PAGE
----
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What is the IBEX 35 Index

What is the IBEX 35 Index

Daniela Sabin Hathorn, Analyst

The IBEX 35 is an index the comprises the 35 most liquid companies in the Spanish Interconnected Exchange System, which integrates Spain’s four exchanges: Madrid, Barcelona, Bilbao, and Valencia. Technically it is a price index, weighted by capitalization and adjusted by the floating capital of each company in the index.

Does this mean that the companies that comprise the index are the biggest in Spain? Not necessarily, as the companies are not picked basis their size, despite there being a minimum market capitalization requirement in order to be included in the IBEX 35. Many large companies that trade publicly and in large quantities are included in the index, but this is based on the liquidity of their shares and not their size.

How is this liquidity measured?

The Technical Advisory Committee takes into account for each company the effective volume traded on the main market, provided that this effective volume meets quality guarantees in its execution.

How often are companies removed/added from the index?

Every six months the committee reviews the 35 most liquid companies in the Spanish stock market, and there is no minimum or maximum number of changes to be made with respect to the previous period, resulting in no changes or as many changes as appropriate in order to respect the liquidity measurement. In the history of the index, up to 5 values have been changed in one revision, and on other occasions, no change has been made.

Sector weightings

What is the IBEX 35 Index

Among the criteria used for a company to form part of the IBEX 35index, the economic sector to which the company belongs is not taken into account under any circumstances, as the IBEX 35 index does not require any specific sectorial diversification in its composition.

The 10 companies with the largest weighting on the IBEX 35

  • Iberdrola (IBE) – 17.91%
  • Indústria de Diseño Textil (ITX) - 11.26%
  • Banco Santander (SAN) – 11.03%
  • Banco Bilbao Vizcaya Argentaria (BBVA) – 6.43%
  • Amadeus IT Group SA (AMS) – 5.82%
  • Telefónica (TEF) – 4.32%
  • Cellnex Telecom SA (CLNX) – 4.29%
  • Aena SME SA (AENA) – 3.80%
  • Ferrovial SA (FER) – 3.62%
  • CaixaBank SA (CABK) – 3.13%

Data as of January 11th 2021

The weightings of its top 10 listings mean the index is more exposed to its domestic market than other indices, with finance and utilities making up 50% of the benchmark, which means the performance of the IBEX 35 is largely a function of how banks and utilities are performing in general across Europe.

History of the IBEX 35

The IBEX began trading on January 14, 1992, but historical data was calculated as of January 5, 1987. The day chosen as the basis was December 29, 1989, when the base value was established at 3000. Since then its value has fluctuated non-stop, reaching a maximum of 15,945 in November 2007 and a minimum of 1,873 points in October 1992. If we had bought at the minimum and sold at the maximum our investment would have a multiple of 8.5.

How to trade the IBEX 35

Trading the IBEX 35 is very similar to trading other financial assets and there should be a consistent strategy throughout.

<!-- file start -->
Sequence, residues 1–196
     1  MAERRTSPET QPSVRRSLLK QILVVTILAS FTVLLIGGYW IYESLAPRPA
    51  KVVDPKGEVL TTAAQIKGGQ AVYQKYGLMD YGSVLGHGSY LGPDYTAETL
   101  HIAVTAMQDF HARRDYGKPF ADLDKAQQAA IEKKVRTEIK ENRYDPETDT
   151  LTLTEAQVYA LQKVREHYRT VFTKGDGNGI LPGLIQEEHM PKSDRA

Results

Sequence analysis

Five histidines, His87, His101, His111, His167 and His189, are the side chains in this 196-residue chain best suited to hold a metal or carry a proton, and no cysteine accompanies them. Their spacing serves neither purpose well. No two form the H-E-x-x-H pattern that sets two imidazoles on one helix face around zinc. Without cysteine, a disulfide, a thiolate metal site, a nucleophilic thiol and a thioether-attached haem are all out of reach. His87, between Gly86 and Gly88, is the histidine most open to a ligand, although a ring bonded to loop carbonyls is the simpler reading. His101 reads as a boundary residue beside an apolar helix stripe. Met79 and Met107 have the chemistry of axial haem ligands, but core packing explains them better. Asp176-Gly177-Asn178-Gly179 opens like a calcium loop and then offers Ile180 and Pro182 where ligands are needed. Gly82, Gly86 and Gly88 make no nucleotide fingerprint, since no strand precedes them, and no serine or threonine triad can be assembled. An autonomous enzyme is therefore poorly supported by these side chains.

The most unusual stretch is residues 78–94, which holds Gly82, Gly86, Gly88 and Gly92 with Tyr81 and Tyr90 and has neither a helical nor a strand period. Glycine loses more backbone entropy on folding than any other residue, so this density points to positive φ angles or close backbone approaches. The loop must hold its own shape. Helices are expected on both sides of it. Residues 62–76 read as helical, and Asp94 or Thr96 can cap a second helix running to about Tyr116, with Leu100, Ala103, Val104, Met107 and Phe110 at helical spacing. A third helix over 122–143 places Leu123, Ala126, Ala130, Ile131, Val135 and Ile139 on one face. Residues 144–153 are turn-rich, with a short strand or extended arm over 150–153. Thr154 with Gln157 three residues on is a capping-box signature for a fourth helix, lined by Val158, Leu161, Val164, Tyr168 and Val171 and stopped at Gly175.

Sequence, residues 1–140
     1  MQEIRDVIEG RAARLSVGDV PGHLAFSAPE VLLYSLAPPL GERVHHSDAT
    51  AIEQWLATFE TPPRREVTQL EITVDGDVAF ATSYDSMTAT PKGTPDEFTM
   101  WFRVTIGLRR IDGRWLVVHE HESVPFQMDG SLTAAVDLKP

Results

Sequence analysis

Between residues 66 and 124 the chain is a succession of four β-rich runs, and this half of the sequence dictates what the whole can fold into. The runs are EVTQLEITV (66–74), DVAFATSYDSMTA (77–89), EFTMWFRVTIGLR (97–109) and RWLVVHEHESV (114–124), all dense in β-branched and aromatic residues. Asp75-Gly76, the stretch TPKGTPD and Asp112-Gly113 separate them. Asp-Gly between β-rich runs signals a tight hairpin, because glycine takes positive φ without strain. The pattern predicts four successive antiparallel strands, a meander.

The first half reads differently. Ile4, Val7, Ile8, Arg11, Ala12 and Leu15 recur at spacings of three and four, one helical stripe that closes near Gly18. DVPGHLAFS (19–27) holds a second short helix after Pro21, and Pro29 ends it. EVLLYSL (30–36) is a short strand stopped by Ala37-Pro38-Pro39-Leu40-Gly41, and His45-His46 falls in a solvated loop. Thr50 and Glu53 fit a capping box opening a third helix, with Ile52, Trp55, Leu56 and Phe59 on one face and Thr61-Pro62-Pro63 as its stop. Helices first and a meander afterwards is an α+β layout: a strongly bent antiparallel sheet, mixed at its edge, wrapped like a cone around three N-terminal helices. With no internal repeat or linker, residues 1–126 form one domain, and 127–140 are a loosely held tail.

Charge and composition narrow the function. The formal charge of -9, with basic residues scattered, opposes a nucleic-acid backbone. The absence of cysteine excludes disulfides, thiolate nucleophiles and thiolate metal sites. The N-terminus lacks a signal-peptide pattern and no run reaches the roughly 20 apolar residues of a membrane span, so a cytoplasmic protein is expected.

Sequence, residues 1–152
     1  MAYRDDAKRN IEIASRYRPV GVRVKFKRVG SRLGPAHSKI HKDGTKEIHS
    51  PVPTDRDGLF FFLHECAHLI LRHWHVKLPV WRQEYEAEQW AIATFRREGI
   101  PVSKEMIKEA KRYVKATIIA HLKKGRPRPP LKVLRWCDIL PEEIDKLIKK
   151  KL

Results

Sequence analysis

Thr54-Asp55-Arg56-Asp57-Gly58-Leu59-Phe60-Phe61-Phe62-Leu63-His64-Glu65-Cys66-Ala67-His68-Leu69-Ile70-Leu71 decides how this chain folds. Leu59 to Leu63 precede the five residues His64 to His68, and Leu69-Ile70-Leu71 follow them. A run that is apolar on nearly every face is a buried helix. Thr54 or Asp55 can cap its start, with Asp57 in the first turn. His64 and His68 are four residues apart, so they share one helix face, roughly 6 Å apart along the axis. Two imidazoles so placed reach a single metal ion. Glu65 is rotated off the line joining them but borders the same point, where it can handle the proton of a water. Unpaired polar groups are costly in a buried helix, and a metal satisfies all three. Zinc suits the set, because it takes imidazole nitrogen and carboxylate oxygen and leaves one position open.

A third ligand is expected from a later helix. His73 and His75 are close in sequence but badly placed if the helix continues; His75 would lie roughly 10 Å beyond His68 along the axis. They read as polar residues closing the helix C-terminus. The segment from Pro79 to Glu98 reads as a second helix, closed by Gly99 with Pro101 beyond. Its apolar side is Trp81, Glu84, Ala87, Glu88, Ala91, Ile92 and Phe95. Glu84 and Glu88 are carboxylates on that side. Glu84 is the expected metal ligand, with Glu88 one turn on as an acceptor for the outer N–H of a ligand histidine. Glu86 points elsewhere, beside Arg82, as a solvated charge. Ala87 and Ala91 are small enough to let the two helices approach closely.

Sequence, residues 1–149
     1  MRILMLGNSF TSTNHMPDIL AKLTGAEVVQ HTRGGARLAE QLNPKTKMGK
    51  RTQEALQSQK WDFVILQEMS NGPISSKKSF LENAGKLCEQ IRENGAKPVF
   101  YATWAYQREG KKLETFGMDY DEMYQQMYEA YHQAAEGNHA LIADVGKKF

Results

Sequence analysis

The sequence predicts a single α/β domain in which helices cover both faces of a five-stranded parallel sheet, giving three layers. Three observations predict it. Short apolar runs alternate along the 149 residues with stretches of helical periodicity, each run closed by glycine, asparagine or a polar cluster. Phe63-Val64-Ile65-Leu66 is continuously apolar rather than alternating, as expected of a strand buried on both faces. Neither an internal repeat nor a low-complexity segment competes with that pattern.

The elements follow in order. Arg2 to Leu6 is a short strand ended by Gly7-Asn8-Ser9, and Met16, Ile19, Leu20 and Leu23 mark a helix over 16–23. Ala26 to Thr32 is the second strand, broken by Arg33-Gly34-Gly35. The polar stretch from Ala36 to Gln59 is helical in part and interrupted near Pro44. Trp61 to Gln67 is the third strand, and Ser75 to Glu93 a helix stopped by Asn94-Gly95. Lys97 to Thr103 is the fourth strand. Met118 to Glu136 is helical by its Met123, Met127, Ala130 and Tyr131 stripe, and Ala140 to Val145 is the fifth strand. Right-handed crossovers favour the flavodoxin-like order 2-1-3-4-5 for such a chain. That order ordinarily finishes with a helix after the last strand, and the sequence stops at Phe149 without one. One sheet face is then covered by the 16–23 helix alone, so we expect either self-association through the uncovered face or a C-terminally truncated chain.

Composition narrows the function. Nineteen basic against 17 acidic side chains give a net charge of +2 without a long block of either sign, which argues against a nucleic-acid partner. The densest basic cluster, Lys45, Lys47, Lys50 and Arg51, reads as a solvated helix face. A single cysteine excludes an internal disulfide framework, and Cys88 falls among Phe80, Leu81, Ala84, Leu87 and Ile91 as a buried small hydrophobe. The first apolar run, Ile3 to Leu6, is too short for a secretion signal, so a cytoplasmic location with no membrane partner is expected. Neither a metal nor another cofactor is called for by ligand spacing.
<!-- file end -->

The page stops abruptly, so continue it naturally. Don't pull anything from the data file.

If you trade with IG, you can find the IBEX in the indices dropdown under the name “Spain 35”

Here’s our top IBEX trading strategies and tips:

  • Decide your entry level, exit point and stop loss. Note: Traders should be aware of risks to stop loss orders. They are vulnerable to short-term fluctuations in price that could activate the stop price. All stop orders will be filled, though there is no guarantee of the price. What’s more, if your level is reached, your stop order cannot be filled at a better price than your stop, only the same price or worse, and this could impact your original risk-reward ratio. If you are using technical analysis to decide levels to trade the IBEX, make sure you have rigorously tested your analysis before trading and that you are comfortable entering the position.
  • Entering trades before major data releases is risky and should be avoided. It is better to let the ‘dust settle’ after a release and miss a small part of the move than to gamble that the data release will be good or bad for the market.
  • Do not place a trade - either a long or a short - without placing a firm stop loss.
  • Before entering a trade, decide your risk-reward; for example, risk one unit to make three units. See our traits of successful traders research for more detail as to why.
  • Do not place a large percentage of your capital on any one trade, however strongly you feel about it. At DailyFX we suggest limiting your exposure to less than 5% risk on all open trades.
  • Select your timeframe for the trade, such as one hour, one day, one week or several weeks.
  • Make sure that you are in a ‘good place’ before trading the IBEX. Do not trade when you are tired, distracted, emotional or bored.
  • Record all your trades comprehensively, making sure that you note why you entered the trade, how you felt, how the trade played out and the final result. The more you record your trades and their outcomes, the better prepared you will be for your next trade.
  • Trading is like a full-time job and should be treated like one. Constantly study and update your trading technique.
  • There are a variety of financial products available to trade. Traders should use a practice account test run various products to find where their strengths and weaknesses lie.
  • And remember to enjoy it!

If you wish to practice your trading strategies you can open an IG Demo account. To stay up to date with live price movements visit ourDAX 30 page, and download our free quarterly Equities Forecast to better understand future trends in the market.

DailyFX provides forex news and technical analysis on the trends that influence the global currency markets.